PhilD13 wrote:Though I would love to make one, I'm not sure when I will get one of the boards built, been busy lately and I want to build a project I sort of designed to see if it works first, but I have the parts for both clocks (yours and my Q3 transistor version inspired by Russell 27 and the discussions on the FET). Once my board is built and tested it will be available on GitHub and on OSH Park for any interested.

There's certainly no rush, but I'll enjoy seeing what you've done whenever you have time to build and post it. :-)

And thank you again, PhilD13, for the extensive feedback!
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Re: Another Ice Tube Clock Design for the Holidays

by jarchie on Tue Oct 15, 2013 8:26 pm

I received the Rev. C boards this weekend and they work fine. (The Rev. C design can be downloaded from GitHub.) The only noteworthy differences from Rev. B are that the main and side board are separate projects and the bottom silkscreen now has labels for the expansion holes. On my last build, I tried the GPS mod and hardware TCXO mod using the expansion holes; both mods work fine. I also used a 5.6k pull-up for the photoresistor; the 5.6k is a definite improvement to autodimming response, albeit a minor one.

Unfortunately, I discovered an issue with the to-spec hack used in the xmas board revisions: voltage across the VFD filament is far below the 5 volts required by spec (details). But the software temperature compensated timekeeping is, anecdotally, exceeding my expectations for accuracy (details).

Given the issue with the to-spec hack, I might try to do one more board revision before Christmas...

PhilD13 wrote:If I eliminate R7, R8 (replace with jumpers) could ZVP2110A and ZVN2110A fets be used? I have a few laying around.

Please ignore my prior comments regarding these FETs. I now suspect that these FETs would be significantly better choices than my choice of BJT transistors. But I'll play with these FETs and let you know!
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Re: Another Ice Tube Clock Design for the Holidays

by jarchie on Thu Oct 17, 2013 12:20 pm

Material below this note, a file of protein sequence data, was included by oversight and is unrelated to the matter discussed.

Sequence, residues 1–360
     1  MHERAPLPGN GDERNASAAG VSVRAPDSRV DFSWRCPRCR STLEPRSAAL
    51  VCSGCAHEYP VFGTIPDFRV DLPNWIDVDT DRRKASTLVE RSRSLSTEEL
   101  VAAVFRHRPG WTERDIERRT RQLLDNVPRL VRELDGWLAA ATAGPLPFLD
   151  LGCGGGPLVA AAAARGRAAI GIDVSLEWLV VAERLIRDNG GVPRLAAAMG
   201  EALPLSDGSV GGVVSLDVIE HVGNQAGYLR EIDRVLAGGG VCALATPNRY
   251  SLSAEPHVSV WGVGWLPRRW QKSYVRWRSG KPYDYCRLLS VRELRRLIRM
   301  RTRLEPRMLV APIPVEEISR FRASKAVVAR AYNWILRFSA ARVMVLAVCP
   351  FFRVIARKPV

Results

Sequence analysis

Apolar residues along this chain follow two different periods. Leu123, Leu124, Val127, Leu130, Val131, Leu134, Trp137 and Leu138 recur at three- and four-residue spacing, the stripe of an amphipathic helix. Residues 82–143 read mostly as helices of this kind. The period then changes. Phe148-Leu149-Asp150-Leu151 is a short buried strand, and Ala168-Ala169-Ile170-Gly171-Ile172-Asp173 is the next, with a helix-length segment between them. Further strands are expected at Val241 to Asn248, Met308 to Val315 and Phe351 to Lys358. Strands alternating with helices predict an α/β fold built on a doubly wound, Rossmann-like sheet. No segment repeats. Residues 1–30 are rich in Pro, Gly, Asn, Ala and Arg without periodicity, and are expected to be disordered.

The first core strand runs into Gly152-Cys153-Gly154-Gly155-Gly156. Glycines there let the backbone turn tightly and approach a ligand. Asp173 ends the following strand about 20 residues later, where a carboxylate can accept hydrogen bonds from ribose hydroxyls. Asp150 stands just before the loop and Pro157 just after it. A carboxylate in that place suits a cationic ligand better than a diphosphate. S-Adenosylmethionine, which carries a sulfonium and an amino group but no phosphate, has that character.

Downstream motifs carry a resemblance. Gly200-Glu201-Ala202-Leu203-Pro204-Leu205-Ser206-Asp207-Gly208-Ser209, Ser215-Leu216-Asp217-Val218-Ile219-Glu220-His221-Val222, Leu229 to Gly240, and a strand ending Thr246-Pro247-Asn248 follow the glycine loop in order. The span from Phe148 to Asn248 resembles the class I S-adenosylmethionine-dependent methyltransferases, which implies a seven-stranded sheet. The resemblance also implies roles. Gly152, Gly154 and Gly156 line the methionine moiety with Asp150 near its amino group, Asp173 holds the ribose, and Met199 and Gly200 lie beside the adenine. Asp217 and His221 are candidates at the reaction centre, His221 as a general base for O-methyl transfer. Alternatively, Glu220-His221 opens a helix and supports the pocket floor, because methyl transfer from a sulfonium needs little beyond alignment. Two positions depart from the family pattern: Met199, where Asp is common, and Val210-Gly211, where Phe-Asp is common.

PhilD13 wrote:If I eliminate R7, R8 (replace with jumpers) could ZVP2110A and ZVN2110A fets be used? I have a few laying around.

These FETs do work better than the BJTs! I used the ZVP2110As for Q4 and Q6 and the ZVN2110As for Q5 and Q7. The FETs should be installed backwards from the silkscreen for Rev. B or Rev. C (photo attached). In that configuration, voltage across the filament is 3.64 volts, still well below spec but a major improvement over the original Adafruit design.
Attachments
xmas-fet-mod.jpg
xmas-fet-mod.jpg (37.98 KiB) Viewed 1032 times
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Re: Another Ice Tube Clock Design for the Holidays

by jarchie on Wed Nov 06, 2013 11:48 pm

I apologize for the fourth reply to myself in this thread... In my defense, the flaw in my design was concurrently discussed in another thread... but I wanted to post in this thread that the issue has, to my knowledge, been resolved.

The workaround (described in the other thread) eliminates the need for voltage regulators in the TO-220 packages which, I believe, gives the clock a cleaner look:

Image
Image


Okay... now for some unpleasantries...

To those who have already emailed me for parts or "kits" of my xmas-icetube design: I will honor everything I promised in my personal emails to you. I will send everything promised.

To everyone else: If you email me asking for a "kit," my answer will be "no"...unless of course I already know you as a friend. I apologize for the inconvenience, but I am not in the business of providing kits or parts. :-( I realize that there are some known issues in the Adafruit Ice Tube Clock kit, but be patient. Adafruit has demonstrated support for open hardware, and I'm sure they will revise the Ice Tube Clock kit in time. Be patient.

EDIT: Everything necessary to build an xmas-icetube clock is described on GitHub. That includes a full list of parts, where those parts can be purchased or made to order, and general assembly tips. Building a single clock would be quite expensive due to minimum order quantities, shipping charges from multiple venders, and the added cost of small quantity orders. But if you can find two other people who would like to build their own clocks, parts for three clocks should run around $100 per clock (very rough estimate).

I am still willing to mail ATMEGA328Ps programed with my xmas-icetube firmware (for ~$3 + shipping), since that's the only part that cannot simply be bought. But programming chips is a useful skill, so learning to program chips yourself is preferable. The only extra tool you need is a programmer like the Adafruit USBtinyISP.